RUAN TRANSP. CORP., DES MOINES v. Herman Bros., Inc.

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220 N.W.2d 245 (1974)

192 Neb. 343

Application of RUAN TRANSPORT CORPORATION, DES MOINES, IOWA, Appellant, v. HERMAN BROS. INC., OMAHA, Nebraska, Appellee, Nebraska Railroads: Burlington Northern, Inc., et al., Appellees.

No. 39383.

Supreme Court of Nebraska.

July 18, 1974.

*247 Rodney Peake, Chester, for appellant.

James E. Ryan, Lincoln, for Herman Bros. Inc.

Richard A. Knudsen, Lincoln, for Nebraska Railroads.


NEWTON, Justice.

Ruan Transport Corporation of Des Moines, Iowa, applied for a certificate of public convenience and necessity authorizing it to transport cement by motor vehicle as a common carrier from the Ash Grove Cement Company plant near Louisville, Nebraska, to all points in Nebraska. Applicant handles cement shipments originating in Omaha, Nebraska, and in Kansas and Iowa. It has assets required for the purpose mentioned.

The Ash Grove Cement Company is now served by Herman Bros., Inc., and has no complaint regarding the quality, type, and efficiency of the service rendered except on comparatively rare occasions when its business peaks and short delays are encountered. It would like to use Ruan as a back-up carrier on such occasions. Ash Grove also has access to rail transport. Ash Grove plans to expand its operation.

Herman Bros., Inc., possesses 283 power units, 25 flatbeds for transport of bagged cement, and 202 units equipped to haul bulk cement. Although its equipment is not always fully utilized, it is willing to add additional equipment as required.

The Nebraska Public Service Commission found that the present service rendered by Herman Bros., Inc., was not shown to be inadequate; and that the granting of the application would not serve a public demand or need, is not required by public convenience or necessity, would endanger or impair the present carrier contrary to the public interest, and would result in deteriorating service. The application was denied.

It is conceded that: "The purpose of the Nebraska Motor Carrier Act was regulation for the public interest. Its purpose was not to stifle legitimate competition but to foster it. Its purpose was not to create monopolies in the transportation industry, but to eliminate discrimination, undue preferences or advantages, and unfair or destructive competitive practices." Petroleum Transport Service, Inc. v. Wheeler Transport Service, Inc., 188 Neb. 400, 197 N.W.2d 8.

It is the policy of the Legislature to regulate transportation by motor carriers in intrastate commerce in such manner as to preserve the inherent advantages of, and foster sound economic conditions in, transportation by motor carriers, in the public interest; to promote economical and efficient service and reasonable charges, without unjust discrimination, or unfair or destructive competitive practices. See § 75-301, R.R.S.1943.

A certificate of public convenience and necessity may be issued only when required by the present or future public convenience and necessity. See § 75-311, R. S.Supp., 1972.

*248 The burden is upon the applicant to show that the proposed service is required by public convenience and necessity. See Parsons v. Nebraska State Railway Commission, 181 Neb. 185, 147 N.W.2d 521.

"The matter of the determination of public convenience and necessity is peculiarly within the discretion and expertise of the Nebraska State Railway Commission and its action will not be disturbed by this court in the absence of a showing that such action was illegal or arbitrary, capricious, and unreasonable." Robinson v. National Trailer Convoy, Inc., 188 Neb. 474, 197 N.W.2d 633.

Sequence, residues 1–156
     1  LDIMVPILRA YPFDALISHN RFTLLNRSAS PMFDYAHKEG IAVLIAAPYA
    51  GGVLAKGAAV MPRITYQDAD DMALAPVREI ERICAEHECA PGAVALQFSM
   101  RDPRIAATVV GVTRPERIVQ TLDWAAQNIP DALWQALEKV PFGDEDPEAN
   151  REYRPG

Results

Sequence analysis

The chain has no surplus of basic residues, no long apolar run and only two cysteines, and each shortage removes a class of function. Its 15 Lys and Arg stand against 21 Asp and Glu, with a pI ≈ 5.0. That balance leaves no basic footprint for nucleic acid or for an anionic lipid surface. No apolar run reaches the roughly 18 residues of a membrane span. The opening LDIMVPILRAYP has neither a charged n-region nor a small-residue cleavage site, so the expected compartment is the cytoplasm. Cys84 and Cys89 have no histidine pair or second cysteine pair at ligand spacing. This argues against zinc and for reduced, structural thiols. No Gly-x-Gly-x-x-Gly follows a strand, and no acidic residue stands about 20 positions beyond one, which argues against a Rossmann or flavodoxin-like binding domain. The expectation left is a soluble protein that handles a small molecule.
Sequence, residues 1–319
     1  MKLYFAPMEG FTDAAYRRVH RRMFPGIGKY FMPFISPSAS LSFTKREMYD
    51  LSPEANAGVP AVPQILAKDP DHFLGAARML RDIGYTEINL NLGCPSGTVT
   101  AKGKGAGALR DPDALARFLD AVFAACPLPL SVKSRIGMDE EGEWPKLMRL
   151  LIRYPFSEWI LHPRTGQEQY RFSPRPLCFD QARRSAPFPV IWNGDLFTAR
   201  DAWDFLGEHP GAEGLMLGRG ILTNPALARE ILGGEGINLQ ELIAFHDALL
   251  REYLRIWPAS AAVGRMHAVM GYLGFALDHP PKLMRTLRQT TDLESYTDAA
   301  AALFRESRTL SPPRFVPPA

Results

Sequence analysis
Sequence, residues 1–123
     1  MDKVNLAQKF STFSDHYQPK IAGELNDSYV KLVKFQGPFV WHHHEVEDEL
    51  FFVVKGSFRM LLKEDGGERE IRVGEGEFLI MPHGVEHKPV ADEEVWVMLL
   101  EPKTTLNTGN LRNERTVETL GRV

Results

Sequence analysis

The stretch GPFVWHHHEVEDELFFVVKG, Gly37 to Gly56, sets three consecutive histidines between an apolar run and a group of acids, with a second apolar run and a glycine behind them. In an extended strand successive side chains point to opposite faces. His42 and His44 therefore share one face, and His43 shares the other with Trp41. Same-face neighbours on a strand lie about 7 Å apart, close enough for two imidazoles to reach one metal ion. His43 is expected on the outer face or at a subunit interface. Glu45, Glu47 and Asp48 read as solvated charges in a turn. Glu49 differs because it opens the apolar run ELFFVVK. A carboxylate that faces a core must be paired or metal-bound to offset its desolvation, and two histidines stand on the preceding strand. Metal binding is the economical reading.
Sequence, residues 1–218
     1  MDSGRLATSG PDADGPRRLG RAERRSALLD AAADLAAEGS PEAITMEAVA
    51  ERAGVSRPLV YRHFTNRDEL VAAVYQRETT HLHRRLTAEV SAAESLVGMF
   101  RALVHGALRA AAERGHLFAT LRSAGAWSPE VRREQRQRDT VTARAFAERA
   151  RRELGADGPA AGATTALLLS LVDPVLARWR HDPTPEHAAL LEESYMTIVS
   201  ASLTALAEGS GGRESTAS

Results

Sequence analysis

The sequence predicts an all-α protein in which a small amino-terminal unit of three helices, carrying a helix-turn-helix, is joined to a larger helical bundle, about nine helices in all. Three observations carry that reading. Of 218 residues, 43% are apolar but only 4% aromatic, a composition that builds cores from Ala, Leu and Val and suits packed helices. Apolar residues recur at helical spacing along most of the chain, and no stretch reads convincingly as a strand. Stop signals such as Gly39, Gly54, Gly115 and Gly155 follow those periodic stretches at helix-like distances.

"In determining the issue of public convenience and necessity, controlling questions are whether or not the operation will serve a useful purpose responsive to a public demand or need; whether or not this purpose can or will be served as well by existing carriers; and whether or not it can be served by the applicant in a specified manner without endangering or impairing the operations of existing carriers contrary to the public interest." Black Hills Stage Lines, Inc. v. Greyhound Corp., 174 Neb. 425, 118 N.W.2d 498.

We have before us an instance in which the existing carrier has and is rendering generally satisfactory service. One hundred percent satisfaction is rarely attainable due to business variations and unforeseeable or unpreventable situations. The existing carrier has agreed to expand its services to the Ash Grove Cement Company as may be required. Applicant, under the pretext of rendering only back-up services, seeks a certificate permitting it to enter into unrestricted competition with the existing carrier. This could only result in endangering and impairing the operation of the existing carrier and rendering its large investment in specialized facilities assigned to the service of the Ash Grove Cement Company unprofitable. A disservice may be rendered the public interest by too much, as well as too little, competition in an industry. Such questions are for the determination of the Nebraska Public Service Commission. They are matters of judgment determinable upon the facts in each case and unless its action is illegal, arbitrary, capricious, or unreasonable, this court cannot interfere.

We believe that the order of the Nebraska Public Service Commission is sustained by the evidence. "An order of the Nebraska State Railway Commission which is sustained by the evidence is not unreasonable or arbitrary and will be affirmed upon review." Parsons v. Nebraska State Railway Commission, supra.

The order of the Nebraska Public Service Commission is affirmed.